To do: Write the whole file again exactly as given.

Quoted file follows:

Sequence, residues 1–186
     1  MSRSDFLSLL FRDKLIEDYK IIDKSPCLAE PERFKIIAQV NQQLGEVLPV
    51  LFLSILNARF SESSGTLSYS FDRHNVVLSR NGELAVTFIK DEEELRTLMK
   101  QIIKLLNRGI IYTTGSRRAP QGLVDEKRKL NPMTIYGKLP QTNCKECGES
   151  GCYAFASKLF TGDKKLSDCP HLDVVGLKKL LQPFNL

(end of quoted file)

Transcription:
Sequence, residues 1–186
     1  MSRSDFLSLL FRDKLIEDYK IIDKSPCLAE PERFKIIAQV NQQLGEVLPV
    51  LFLSILNARF SESSGTLSYS FDRHNVVLSR NGELAVTFIK DEEELRTLMK
   101  QIIKLLNRGI IYTTGSRRAP QGLVDEKRKL NPMTIYGKLP QTNCKECGES
   151  GCYAFASKLF TGDKKLSDCP HLDVVGLKKL LQPFNL